Best thing to do is when/if this happens again come back with a calm response that is basically what has been suggested already - for minor ''offenses'' Mum can do her own punishments in her own time, for major/big ''crimes'' Mum should discuss with Dad what punishment is suitable if the punishment is to happen within Dad''s contact.

Mum carries on her own merry way and you do to, each parent has their own views on parenting and discipline - each have to accept what they do in their own time is not up for debate with the other parent.

Also it avoids any conflict - if someone starts criticising any aspect of parenting, people can get defensive and things can escalate.

The ''No Telly'' punishment is rubbish and you''re right could''ve been handled so much better (I love Miss Tish saying plugs have been removed off things lol :laugh:) - if Mum asks if the punishment was carried out at yours - your OH simply has to explain that as you have 1 TV, it wasn''t possible, however you did X instead (X may be no sweets for a period of time) - I do agree missing a party a bit harsh as a punishment, but I don''t really know what happened in full. I always think punishments for children of that age to be immediate, so they associate the punishment with what they''ve done - so same day is ideal.

Good luck! ;)

WR x

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24 Mar 12 #319873 by MrsMathsisfun
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I agree punishments need to be instant or at least same day. I guess the problem is what happens on change over day!!

My partner really doesn''t want to criticize his ex''s parenting, but does think she needs to be aware that we dont have these issues probably because we have routines and deal with issue immediately.

Real dilemma, should dad just say to ex why he thinks the child behaves with us, (with no reference to her style of parenting) or does he just let her get on with it?

When he takes the children back, he will tell ex that he followed punishment by not allowing the child to watch ''''childrens'''' telly, but that sometimes she was in same room as telly when it was switched on.

I will say to him what has been suggest, re minor mum, major discuss punishment jointly then follow through.

Hopefully mum will follow through with the punishment, so that the situation improves at her home.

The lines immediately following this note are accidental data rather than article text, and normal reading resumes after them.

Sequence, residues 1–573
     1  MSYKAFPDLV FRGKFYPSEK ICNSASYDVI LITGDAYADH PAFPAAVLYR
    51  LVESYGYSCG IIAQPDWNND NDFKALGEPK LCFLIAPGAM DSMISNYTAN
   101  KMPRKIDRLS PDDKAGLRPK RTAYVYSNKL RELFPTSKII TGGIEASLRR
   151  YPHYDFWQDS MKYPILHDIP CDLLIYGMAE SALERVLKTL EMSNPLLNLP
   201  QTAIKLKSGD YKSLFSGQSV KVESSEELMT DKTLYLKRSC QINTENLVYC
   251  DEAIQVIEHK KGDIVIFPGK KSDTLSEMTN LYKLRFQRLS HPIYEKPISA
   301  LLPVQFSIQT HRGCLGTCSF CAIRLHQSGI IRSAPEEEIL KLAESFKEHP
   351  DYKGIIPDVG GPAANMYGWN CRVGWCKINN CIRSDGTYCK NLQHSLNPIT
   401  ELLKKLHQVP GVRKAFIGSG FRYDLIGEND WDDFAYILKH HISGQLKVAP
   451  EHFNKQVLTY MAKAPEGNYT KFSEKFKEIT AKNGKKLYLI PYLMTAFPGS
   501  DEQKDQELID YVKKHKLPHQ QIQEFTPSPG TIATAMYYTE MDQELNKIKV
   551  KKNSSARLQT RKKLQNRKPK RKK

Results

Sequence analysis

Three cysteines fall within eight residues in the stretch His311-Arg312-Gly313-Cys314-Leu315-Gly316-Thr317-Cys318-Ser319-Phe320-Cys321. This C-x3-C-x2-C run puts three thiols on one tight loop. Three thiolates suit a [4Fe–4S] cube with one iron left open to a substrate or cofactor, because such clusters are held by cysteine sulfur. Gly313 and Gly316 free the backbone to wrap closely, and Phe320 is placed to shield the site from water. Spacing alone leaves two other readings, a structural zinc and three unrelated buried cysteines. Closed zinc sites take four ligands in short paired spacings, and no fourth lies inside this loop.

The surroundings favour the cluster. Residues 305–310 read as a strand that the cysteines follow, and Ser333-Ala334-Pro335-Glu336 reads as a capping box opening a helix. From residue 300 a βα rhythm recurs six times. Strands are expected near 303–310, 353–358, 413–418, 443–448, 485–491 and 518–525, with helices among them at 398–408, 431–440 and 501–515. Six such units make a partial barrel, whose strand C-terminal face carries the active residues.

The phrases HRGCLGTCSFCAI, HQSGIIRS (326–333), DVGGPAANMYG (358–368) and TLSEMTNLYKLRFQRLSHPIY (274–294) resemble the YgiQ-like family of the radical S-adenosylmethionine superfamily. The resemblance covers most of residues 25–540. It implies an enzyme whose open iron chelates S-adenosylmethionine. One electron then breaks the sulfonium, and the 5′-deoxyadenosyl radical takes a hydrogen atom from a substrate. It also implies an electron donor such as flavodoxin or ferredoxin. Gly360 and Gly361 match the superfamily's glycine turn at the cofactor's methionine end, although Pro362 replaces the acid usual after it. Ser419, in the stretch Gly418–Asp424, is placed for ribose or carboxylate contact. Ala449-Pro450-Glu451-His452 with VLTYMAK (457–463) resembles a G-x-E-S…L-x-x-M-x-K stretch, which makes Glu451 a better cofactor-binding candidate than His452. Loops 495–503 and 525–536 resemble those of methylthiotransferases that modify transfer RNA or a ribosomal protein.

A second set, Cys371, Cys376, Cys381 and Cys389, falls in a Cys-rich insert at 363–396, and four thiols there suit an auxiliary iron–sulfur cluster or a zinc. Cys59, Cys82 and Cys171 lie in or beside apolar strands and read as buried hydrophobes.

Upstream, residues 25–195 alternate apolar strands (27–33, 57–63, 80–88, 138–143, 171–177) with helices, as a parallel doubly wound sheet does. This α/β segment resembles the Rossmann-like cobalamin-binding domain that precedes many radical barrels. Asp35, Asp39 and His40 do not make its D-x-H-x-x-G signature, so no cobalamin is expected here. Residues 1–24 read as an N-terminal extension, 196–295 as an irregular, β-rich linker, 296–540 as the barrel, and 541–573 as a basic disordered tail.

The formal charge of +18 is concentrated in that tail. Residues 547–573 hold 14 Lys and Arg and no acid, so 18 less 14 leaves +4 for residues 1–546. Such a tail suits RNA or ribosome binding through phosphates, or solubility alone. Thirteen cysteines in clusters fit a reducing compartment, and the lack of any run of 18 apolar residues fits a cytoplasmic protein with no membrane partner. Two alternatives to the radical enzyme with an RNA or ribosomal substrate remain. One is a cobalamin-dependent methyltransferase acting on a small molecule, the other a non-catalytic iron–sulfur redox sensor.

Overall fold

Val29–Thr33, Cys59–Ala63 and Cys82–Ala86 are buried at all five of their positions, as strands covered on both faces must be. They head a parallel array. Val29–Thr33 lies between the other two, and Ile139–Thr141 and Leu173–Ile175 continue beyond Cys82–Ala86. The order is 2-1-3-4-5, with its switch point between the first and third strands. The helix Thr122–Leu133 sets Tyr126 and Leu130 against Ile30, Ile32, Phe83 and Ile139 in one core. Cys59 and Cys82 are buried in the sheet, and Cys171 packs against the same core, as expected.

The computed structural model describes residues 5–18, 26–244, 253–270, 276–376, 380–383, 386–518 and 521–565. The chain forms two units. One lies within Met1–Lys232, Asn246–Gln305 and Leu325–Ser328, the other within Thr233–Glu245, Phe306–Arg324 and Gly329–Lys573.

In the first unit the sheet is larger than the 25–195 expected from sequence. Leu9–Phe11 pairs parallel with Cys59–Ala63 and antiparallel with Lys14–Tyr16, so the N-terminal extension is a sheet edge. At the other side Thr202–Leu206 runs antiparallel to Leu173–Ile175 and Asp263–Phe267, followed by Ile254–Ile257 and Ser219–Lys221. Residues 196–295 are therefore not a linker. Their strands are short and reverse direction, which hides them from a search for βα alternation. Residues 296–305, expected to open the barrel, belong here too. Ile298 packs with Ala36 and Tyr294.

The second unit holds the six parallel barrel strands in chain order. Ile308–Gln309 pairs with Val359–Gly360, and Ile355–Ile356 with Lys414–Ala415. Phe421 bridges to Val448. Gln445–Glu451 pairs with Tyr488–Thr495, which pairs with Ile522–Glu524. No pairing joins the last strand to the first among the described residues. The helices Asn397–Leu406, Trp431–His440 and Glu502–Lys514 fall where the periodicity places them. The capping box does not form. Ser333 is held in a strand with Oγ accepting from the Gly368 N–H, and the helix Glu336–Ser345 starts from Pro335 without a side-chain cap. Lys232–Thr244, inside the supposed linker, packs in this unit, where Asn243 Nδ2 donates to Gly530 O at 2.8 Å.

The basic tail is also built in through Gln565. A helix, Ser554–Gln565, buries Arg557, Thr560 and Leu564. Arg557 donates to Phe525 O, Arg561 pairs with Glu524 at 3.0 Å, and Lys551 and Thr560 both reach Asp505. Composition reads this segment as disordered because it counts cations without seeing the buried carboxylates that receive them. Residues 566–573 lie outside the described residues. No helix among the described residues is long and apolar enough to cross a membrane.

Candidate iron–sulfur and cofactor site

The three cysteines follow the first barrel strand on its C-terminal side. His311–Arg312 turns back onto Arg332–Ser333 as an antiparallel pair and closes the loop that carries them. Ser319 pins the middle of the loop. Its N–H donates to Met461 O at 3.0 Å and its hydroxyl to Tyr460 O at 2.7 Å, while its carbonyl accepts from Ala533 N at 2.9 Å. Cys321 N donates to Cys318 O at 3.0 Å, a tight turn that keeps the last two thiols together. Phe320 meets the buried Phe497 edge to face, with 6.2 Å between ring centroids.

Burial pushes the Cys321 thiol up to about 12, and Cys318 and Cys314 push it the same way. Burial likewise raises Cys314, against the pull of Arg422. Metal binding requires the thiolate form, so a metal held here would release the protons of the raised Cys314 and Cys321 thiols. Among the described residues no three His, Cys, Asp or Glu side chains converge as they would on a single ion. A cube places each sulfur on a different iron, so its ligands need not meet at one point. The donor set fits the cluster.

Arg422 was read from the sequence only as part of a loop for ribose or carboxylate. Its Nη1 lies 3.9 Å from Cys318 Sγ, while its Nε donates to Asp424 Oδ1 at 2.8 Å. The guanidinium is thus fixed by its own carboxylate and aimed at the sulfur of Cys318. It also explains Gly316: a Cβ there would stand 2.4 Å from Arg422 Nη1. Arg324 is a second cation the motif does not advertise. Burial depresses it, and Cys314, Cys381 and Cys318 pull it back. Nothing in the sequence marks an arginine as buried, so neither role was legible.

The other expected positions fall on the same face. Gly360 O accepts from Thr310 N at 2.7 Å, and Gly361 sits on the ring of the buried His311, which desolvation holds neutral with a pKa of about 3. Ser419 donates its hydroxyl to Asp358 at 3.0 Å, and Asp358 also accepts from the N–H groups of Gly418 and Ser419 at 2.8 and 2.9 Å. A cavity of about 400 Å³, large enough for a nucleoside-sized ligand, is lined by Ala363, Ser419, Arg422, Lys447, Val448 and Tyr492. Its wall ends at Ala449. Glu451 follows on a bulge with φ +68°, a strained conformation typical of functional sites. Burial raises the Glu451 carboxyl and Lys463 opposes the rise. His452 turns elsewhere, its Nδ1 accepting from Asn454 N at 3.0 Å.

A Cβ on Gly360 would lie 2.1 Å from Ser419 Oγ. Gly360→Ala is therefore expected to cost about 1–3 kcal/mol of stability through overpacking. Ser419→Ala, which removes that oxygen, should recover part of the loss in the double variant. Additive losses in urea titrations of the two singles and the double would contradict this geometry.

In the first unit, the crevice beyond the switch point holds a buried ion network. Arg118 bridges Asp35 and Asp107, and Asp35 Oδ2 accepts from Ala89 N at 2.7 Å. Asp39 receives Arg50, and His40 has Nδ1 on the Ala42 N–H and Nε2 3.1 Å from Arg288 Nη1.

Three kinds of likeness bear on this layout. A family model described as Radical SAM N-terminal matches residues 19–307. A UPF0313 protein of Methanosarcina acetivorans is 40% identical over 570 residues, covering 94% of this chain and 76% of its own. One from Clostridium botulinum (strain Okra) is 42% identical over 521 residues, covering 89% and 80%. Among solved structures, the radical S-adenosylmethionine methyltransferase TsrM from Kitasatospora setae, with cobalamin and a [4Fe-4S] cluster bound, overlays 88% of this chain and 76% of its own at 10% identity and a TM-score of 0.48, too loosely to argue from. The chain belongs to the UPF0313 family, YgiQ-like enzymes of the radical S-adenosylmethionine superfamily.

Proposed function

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24 Mar 12 #319889 by MissTish1
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I think it will prove hard to make mum understand that punishments within her time are down to her to deal with. To use the old adage ''wait til your father comes home'' (which is similar in this case as she was expecting dad to punish in his time) simply doesn''t work, and creates an impression with the child that dad is the disciplinarian. Within dad''s home, that''s fine, the child should know what the house rules are and should follow them. But, as you say, she doesn''t behave badly when with you so it''s not reasonable for mum to expect dad to be the one who punishes. With young children, punishment should be dealt immediately after the event, where possible, or it should be something that''s not drawn out (such as no telly for a week). Denial of privileges works fairly well, so for example, no sweets after school that day. But, what we always found works very well indeed is a sticker chart. Children of that age respond so well to stickers, and a week of ''good girl'' stickers earns a treat, so positive behaviour is being praised and rewarded. If the child is particularly naughty in the mornings, a sticker could be awarded for a morning without dawdling or defiance. But, how he would get this across to mum I don''t know :(

It''s a difficult situation, one which I''m sure a lot of parents find themselves in. But, I stick to what I said, and what others have said. Deal with issues that arise in your home yourself.